Starting Your Supplement Regimen

The "Must Haves" of Supplement Regimens
Making the decision to lead a healthier lifestyle is fairly easy, but putting it into practice on a daily basis is more difficult. Busy lifestyles often interfere with efforts to eat a more balanced, healthier diet. Have you ever tried to eat 5-6 servings of fresh fruits and vegetables every day? It’s no secret that most Americans don’t follow the dietary guidelines and/or meet all their nutrient needs through diet alone.1 Fortunately, supplements are there to help fill in the nutritional gaps.

A dietary supplement is defined as something added to make up for a nutrient lacking or missing in one’s diet to help complete nutrient needs and help support overall health. This is exactly what a multivitamin/mineral can do and why it is important to include a multi as the foundation to a supplement regimen. Multivitamins/minerals help complete a poor diet, fill nutrient gaps and ensure an adequate intake of all essential nutrients. The remaining “must haves” of most supplement regimens include calcium and vitamin D for bone health. Bone is constantly breaking down and rebuilding itself throughout life. Adequate calcium and vitamin D as part of a healthful diet, along with physical activity, may reduce the risk of osteoporosis later in life.

Getting Started: Building Your Supplement Foundation
Step 1: Choose a multivitamin that is appropriate for your age and gender. A multivitamin should meet your basic needs, including being formulated to reflect the specific needs of your age and gender. For example, iron needs for women over the age of 50 years are 8 mg/day while the needs for women younger than 50 are 18 mg/day. Multivitamins for women over the age of 50 may contain little to no iron since 8 mg/day can be obtained through diet. Choosing a multivitamin/mineral that is both age and gender appropriate provides a solid foundation for any supplement regimen.
Step 2: Choose a calcium supplement that contains vitamin D to support bone health. Wondering what form of calcium to take; citrate or carbonate? Calcium carbonate should be taken with meals for best absorption. If you are not able to tolerate calcium carbonate even with meals, then opt for calcium citrate which can be taken on an empty stomach and is not associated with the GI disturbances that are sometimes linked to calcium carbonate (mainly constipation).

Strengthening Your Supplement Foundation
Now it’s time to build on your supplement foundation in order to complete and strengthen your daily regimen. It’s time to take a closer look at your diet, lifestyle, and health concerns.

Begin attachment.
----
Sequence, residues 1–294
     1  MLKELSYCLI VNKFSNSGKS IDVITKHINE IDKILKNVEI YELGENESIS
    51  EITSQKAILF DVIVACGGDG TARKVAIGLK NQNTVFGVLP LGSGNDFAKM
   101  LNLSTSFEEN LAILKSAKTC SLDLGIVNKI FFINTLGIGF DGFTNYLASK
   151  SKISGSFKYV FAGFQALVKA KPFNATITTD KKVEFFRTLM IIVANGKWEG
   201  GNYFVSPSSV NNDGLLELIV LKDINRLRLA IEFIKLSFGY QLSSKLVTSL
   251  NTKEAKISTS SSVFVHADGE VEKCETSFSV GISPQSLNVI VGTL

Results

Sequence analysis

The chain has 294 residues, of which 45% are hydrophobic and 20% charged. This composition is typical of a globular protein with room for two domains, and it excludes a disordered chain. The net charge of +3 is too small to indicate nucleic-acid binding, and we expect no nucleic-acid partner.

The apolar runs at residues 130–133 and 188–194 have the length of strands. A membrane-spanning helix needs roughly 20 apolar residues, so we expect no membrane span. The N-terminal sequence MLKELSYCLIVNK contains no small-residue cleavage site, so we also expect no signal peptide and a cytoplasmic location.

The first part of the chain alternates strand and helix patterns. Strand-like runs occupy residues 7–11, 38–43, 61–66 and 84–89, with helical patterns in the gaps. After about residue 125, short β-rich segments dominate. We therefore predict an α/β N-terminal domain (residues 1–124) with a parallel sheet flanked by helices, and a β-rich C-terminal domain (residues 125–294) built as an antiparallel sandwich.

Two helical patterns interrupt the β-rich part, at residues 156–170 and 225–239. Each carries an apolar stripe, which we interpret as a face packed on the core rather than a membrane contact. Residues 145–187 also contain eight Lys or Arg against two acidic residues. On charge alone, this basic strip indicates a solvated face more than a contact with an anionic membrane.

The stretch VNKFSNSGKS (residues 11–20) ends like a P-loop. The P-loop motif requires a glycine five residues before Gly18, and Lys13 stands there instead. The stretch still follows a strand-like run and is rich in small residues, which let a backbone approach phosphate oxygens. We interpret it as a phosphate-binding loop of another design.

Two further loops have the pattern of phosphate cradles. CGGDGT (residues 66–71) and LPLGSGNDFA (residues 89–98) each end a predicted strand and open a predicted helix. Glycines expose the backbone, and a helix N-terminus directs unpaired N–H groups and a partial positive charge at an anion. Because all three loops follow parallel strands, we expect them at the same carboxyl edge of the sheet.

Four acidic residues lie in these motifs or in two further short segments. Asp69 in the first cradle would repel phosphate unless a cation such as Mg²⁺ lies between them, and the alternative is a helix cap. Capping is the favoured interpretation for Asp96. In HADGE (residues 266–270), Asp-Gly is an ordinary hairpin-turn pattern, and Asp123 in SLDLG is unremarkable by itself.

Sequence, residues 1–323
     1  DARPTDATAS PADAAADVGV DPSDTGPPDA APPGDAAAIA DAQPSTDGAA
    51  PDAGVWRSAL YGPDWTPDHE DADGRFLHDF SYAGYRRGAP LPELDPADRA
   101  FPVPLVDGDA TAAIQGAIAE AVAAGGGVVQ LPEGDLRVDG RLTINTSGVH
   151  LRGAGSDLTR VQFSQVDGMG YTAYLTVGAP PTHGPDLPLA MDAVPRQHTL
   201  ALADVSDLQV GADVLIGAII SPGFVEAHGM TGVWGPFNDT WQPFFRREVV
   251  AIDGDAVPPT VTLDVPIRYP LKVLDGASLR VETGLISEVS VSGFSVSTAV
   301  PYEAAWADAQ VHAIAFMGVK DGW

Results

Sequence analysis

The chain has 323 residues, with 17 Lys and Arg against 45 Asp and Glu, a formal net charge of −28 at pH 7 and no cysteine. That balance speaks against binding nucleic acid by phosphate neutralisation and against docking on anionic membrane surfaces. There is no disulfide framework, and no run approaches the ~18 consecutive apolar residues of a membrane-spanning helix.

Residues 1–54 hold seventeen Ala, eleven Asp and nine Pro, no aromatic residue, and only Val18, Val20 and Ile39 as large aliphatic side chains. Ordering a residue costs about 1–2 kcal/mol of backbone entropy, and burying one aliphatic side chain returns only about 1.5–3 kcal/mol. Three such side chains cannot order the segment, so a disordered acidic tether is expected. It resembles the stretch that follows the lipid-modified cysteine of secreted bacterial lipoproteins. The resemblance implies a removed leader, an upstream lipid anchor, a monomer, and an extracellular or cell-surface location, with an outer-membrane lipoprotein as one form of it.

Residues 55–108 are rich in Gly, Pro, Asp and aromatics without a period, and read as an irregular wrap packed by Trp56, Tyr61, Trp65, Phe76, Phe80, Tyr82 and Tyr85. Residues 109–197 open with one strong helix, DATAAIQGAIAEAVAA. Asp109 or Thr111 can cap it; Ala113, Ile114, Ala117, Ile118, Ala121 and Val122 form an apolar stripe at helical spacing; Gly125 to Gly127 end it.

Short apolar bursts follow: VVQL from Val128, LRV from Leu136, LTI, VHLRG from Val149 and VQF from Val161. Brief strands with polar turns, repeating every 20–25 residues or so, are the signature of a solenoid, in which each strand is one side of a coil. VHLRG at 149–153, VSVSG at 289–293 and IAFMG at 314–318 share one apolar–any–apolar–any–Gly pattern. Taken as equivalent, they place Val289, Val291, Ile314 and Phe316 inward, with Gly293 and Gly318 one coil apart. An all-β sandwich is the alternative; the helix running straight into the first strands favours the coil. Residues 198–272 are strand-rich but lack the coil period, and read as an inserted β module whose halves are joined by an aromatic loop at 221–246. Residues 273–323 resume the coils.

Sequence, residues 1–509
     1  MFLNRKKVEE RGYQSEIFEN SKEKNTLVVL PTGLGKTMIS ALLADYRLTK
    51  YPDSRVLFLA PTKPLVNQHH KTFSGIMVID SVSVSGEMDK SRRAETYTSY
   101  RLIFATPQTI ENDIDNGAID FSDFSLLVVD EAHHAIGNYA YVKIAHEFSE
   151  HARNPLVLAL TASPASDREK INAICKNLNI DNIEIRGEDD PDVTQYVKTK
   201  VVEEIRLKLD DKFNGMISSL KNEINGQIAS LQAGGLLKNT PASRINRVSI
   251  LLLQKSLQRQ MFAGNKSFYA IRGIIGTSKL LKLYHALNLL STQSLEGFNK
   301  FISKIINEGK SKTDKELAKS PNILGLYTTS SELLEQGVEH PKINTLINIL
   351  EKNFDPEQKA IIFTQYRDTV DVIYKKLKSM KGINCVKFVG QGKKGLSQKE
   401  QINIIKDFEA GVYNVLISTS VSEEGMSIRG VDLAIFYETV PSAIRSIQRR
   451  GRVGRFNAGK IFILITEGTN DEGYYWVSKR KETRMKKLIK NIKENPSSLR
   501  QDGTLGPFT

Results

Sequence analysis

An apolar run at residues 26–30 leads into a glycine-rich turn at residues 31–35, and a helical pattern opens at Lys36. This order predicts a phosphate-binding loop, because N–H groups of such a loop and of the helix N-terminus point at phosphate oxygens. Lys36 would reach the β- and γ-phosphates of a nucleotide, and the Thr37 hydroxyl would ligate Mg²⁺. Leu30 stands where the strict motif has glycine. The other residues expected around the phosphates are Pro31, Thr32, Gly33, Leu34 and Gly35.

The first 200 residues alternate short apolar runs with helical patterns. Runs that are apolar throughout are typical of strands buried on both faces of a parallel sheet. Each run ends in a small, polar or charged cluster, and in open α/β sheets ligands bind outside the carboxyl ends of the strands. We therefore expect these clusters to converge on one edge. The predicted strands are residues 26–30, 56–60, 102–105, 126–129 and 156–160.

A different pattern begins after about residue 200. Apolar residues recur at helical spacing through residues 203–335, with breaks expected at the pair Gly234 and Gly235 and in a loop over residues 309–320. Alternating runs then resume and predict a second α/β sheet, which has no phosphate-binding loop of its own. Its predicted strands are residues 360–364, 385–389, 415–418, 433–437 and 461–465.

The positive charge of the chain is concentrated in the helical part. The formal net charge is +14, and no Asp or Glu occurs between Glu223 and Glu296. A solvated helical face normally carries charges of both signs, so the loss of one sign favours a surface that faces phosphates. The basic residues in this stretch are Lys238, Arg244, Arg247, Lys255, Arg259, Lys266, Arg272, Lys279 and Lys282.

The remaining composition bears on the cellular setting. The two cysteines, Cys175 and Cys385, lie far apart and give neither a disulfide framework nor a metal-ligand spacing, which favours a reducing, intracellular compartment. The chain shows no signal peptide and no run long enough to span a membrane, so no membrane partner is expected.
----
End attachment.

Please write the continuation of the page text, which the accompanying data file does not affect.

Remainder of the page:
Dietary Habits
Do you practice a special diet plan?
Chronically cutting food groups from a daily diet can eventually impact nutritional status. Low-carb diets tend to limit intake of fruits, whole grains, beans, and dairy products. While your supplement foundation covers calcium and vitamin D (if limiting dairy,) you may need an additional B complex (while limiting whole grains) to help insure proper metabolism of carbohydrates, fat, and protein. If you are a vegetarian, then animal products are off limits. Since animal products are a good food source of B12, a B12 supplement (or B complex containing B12) is often recommended for vegans and vegetarians in addition to a multivitamin and calcium w/D. Keep a food diary for 1 week to identify your main nutritional gaps. Then choose additional supplements to be included in your daily regimen to close the gaps and ensure adequate levels of all nutrients are maintained in the body. Talk to a registered dietitian if practicing a special diet to help identify any specific nutritional gaps.

Lifestyle Considerations
High Stress Living
Stress can affect various aspects of nutrition including what we eat, but alone, it is also implicated in various health concerns including high blood pressure and heart disease. Stress may also negatively impact immune health and sleep patterns. Using supplements to help your body cope is one way to approach and help cope with stress. While supplements may help the body cope with stress and its effects, it is also important to incorporate other ways of alleviating the negative effects of stress such as exercise, deep breathing, and choosing healthier foods.

Also consider, if you are a smoker, take steps to try and quit. Quitting smoking is the best thing you can do for your health and your heart. Avoid environmental pollution when possible for a healthier lifestyle.

Health Concerns
Our personal health concerns or conditions can spark an interest in supplements that may give us that extra edge in supporting overall health. Some examples include adding plant stanols/sterols to a basic supplement regimen to help lower cholesterol; adding fish oil to help support a healthy heart; adding glucosamine and chondroitin to help support joint comfort, mobility and flexibility or adding chromium to help support healthy glucose metabolism. Remember, when choosing supplements for a specific health concern, turn to a healthcare professional knowledgeable in supplement use so that he/she can help you make choices that best suit your needs.

Step 1: The foundation of any supplement regimen should include an age and gender appropriate multivitamin/mineral and calcium with vitamin D.
Step 2: Individualize Your Needs by closely evaluating dietary habits, lifestyle, and health concerns. Make the appropriate changes for a healthier lifestyle.

It is important to re-evaluate your needs on a regular basis and make any necessary changes or updates to your supplement regimen to reflect changes in your diet, lifestyle, or health status.

1. Fulgoni VL, Keast DR, Bailey RL et al. Food, Fortificants and Supplements: Where Do Americans Get Their Nutrients. J. Nutr 2011;141: 1847-1854.